Omni-Channel vs Multi-channel

Multi-channel is Not Enough?

Everyone knows if you have a business, having a website, a Facebook fan page, a Twitter account and a mobile app is a basic package of reaching potential customers. Multi-channel is not news. Most companies have adopted multiple channels to stay ahead of the curve. When customers have the need to shop on the go, accessing multiple channels at the same time, the frictionless experience between different channels becomes way more important than before. Therefore, marketers already detected the next challenge of a new type of channels: Omni-channel.

According to the definition in Wikipedia.org, “Omni-channel is concentrated more on a seamless approach to the consumer experience through all available shopping channels, i.e. mobile internet devices, computers, bricks-and-mortar, television, radio, direct mail, catalog and so on.” It means every channel needs to aware of customers’ activities in other channels especially between offline shopping and digital channels. Marketers think customers will shift between channels more frequently but do the same task; therefore, the experience customers have in one platform will influence that in others.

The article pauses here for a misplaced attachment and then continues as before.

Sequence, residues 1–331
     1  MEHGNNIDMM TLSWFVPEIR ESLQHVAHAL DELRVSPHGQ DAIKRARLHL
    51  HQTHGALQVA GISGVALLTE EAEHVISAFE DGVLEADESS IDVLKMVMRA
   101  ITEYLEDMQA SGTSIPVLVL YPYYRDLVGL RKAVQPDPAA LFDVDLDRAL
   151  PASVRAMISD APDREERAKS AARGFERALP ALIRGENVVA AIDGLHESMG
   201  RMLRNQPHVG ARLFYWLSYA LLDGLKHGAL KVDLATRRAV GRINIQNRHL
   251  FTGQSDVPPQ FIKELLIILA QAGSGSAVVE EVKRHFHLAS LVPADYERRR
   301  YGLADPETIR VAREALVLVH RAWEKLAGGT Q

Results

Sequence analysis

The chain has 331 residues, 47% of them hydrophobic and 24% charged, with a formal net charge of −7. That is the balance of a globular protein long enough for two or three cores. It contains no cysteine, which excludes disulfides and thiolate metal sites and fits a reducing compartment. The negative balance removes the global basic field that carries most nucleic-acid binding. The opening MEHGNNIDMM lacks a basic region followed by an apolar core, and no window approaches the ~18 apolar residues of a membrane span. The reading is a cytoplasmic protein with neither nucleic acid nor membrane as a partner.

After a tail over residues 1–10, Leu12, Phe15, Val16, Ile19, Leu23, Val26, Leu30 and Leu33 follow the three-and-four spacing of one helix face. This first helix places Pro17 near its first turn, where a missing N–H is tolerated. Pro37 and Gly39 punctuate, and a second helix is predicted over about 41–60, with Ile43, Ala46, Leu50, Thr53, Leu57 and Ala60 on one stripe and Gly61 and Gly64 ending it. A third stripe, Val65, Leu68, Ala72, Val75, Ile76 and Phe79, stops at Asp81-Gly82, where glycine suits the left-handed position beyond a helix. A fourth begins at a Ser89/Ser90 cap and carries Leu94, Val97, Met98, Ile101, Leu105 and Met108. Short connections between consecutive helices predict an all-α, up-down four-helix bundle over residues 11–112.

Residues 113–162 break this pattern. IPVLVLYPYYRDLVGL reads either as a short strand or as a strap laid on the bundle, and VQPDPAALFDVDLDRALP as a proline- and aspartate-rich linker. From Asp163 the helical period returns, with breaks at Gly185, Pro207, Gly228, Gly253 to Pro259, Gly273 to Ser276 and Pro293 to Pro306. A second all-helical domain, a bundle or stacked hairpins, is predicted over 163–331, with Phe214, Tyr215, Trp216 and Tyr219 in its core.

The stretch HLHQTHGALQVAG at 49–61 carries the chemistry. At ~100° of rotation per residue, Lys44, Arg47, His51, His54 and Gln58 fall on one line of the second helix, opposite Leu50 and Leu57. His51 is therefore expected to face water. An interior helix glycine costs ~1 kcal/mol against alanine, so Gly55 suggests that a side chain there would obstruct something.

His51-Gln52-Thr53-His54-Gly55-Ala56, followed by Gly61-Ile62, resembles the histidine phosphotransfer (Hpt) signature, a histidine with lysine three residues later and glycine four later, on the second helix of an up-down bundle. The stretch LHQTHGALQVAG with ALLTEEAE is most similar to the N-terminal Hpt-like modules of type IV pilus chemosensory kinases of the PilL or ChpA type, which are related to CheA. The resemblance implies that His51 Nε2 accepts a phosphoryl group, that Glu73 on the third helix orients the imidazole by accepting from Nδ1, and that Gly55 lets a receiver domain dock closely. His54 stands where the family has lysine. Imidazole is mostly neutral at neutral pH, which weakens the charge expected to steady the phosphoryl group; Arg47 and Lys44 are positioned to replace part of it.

Multi-channel vs Omni-channel Image
Multi-channel vs Omni-channel

For instant, customers can use Nordstrom mobile app to search the product availability before they drive to the store. Nordstrom mobile app even presents which locations near your house still have the product in stock and prepares it for your arrival. When you got home, Nordstrom sends out an email to ask your shopping experience today. Then all the information should be collected in the database and ready for analysis. Sharing all the data of particular customers between offline and online channels is the main point of omni-channel. By offering omni-channel, marketers can provide customers seamless experience during the whole shopping process.

Omni-channel pulls the customer’s data from each channel all together; therefore, marketers can provide more personalized messages and promotions to customers. Furthermore, based on customer past data collected from omni-channels, marketers can combine the information with geo-fencing technique to immediately push a notification when customers walk through the aisle where your products are displayed.

Moreover, by using Responsive Web Design (RWD)— audiences can have an optimal viewing experience from the wider screen of desktop to the smaller one of mobile devices, brands can make sure customers get consistent messages. It also helps brands create an omni-channel environment for customers.

This trend is becoming mature and it’s no way to reverse back. Some pioneering companies have started to create omni-channels for the upcoming change but there is no one making it successfully for now. If your company doesn’t want to leave behind, it’s better to start it now.

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